There they stand. 2 young adults full of promise and possibilities. They have spent many months and many more dollars planning for this moment and there they stand. Of course, they are excited. Of course, they are “in love.” Of course, they have a path of mystery open before them. The path is truly a mystery because…well, life. No matter how perfectly a plan is laid life happens. That is not a bad thing. It just is the plain unvarnished truth. Life deals the cards, but how you play what you are dealt matters in ultimate ways.
As I meet with my engaged couples I marvel at the energy they have, the hope they radiate, and the love they feel for each other. Most know exactly how they want their wedding day to look, feel and be. They have planned it down to the last stamp on the SAVE THE DATE cards. They are, quite naturally, thinking about the day, the event, the cake, the dress, the dance, the music, the memories. Most, if any, have thought about all of the days ahead. I don’t mean to imply the couples are shallow or self-absorbed. Most enjoy rewarding careers and full lives. But the hard part of “happily ever after” is not on the front burner.
Jobs lost, babies born, forced moves, deaths, disappointments, dreams upended, all of this and more couldn’t be further from their minds. Of course. I think it is fair to say we are, as humans, ill-prepared for blows dealt to us by derailed dreams and shattered expectations. We can handle the stress of an ill-fitting tux or the frustrating maid of honor, those happen. But having our expectations crushed in life’s
big ways is too much. What then do we do? How do we relish the joy of the planning, the magic of the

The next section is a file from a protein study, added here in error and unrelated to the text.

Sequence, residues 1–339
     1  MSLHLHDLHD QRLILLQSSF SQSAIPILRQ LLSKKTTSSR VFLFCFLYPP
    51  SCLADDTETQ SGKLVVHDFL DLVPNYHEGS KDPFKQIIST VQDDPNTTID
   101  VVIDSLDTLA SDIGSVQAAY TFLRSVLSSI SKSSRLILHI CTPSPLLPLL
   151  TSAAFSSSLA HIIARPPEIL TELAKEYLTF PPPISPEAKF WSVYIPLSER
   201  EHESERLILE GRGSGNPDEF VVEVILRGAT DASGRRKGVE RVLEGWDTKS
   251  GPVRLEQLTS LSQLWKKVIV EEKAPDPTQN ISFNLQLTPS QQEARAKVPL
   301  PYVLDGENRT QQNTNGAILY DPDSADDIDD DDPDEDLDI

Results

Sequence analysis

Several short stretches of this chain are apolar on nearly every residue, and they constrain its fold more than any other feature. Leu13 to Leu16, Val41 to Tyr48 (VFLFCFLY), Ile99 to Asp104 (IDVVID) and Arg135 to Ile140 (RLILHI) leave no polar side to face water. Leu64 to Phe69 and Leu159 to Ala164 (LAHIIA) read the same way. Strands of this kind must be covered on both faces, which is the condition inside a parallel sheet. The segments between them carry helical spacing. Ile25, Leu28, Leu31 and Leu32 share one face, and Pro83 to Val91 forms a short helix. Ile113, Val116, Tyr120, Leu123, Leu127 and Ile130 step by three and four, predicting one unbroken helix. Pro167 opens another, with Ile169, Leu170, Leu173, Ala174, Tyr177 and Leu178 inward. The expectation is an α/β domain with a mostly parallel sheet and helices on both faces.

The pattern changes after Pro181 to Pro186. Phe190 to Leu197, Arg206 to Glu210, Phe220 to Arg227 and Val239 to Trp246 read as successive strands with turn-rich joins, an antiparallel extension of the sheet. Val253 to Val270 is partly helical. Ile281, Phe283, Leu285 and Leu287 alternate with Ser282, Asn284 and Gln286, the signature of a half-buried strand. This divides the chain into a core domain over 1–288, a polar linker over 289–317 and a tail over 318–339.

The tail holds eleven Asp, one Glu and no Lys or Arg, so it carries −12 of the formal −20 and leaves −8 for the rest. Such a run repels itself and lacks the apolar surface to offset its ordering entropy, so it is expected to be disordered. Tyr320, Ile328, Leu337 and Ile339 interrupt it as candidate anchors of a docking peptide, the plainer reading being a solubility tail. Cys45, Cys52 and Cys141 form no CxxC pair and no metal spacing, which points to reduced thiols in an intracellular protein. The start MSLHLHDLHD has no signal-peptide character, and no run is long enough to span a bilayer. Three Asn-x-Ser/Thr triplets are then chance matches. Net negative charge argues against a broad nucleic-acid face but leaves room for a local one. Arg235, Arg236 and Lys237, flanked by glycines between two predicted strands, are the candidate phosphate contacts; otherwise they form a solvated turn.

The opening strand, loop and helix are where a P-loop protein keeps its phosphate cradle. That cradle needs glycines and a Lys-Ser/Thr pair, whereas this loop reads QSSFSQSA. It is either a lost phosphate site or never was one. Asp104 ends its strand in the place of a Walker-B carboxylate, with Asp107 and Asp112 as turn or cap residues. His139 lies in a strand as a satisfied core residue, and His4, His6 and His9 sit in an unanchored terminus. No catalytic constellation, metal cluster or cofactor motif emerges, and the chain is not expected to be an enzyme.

moment and while still being aware that some day, down that long road of life, a husband won’t be able to remember what the microwave is for or who his grandchildren are; a wife gets slammed with a breast cancer. years of chemo, radiation, medication. This all may sound extreme but it isn’t. If we live long enough, the “happily ever after” can become something else. It becomes the resounding truth spoken with giddy delight in wedding ceremonies around the world. Couples, gazing into each
other’s eyes vow to love each other, “for better or for worse. In sickness and in health.”
Believe me when I say that the “for worse” part is when love with a capital “L” reveals itself. That is exactly what Love means. What Love looks like. How it works out in real life. We mature into tenderness. Tenderness is beyond passion, but is just as potent and just as valuable. Maybe even priceless. Love looks like a wife taking a husband on a drive because he is no longer able. A husband gently combing his life partners hair, fixing her make-up because, “She loved to look nice. It was important to her.” Gay or straight, these are the truths of a marriage….the truths of “I do”.
I watched my mother care for my father in his dementia. To say it was hard for her is an understatement, but it was a life time of remembering “I do” that kept her going. It was exhausting and costly to her personally. It was punishing because she didn’t do it well every day. She was worn out, frustrated , and totally committed to his care.
That is what I wish I could convey to my beautiful, sparkling, young couples. Not to frighten them or talk them out of the marriage, but to help them be ready for the work that is required by a committed love. I wish I could fortify them with knowledge that hard days are the days when you actually know the meaning of love. I wish.…
Maybe I will work it into my next wedding message. “Tom, do you promise to feed Lisa when she can’t feed herself? Lisa, do you promise to read to Tom, when his eyesight fails?” “Ben will you play Neil’s favorite music when he is in hospice care?” Maybe I will work that in next time around. If I do, it will be for the sake of Love with a capital “L.”
-Ange Humphrey Pastor and founder of Fresh Air Community of Faith and the host of WEHT Local Lifestyles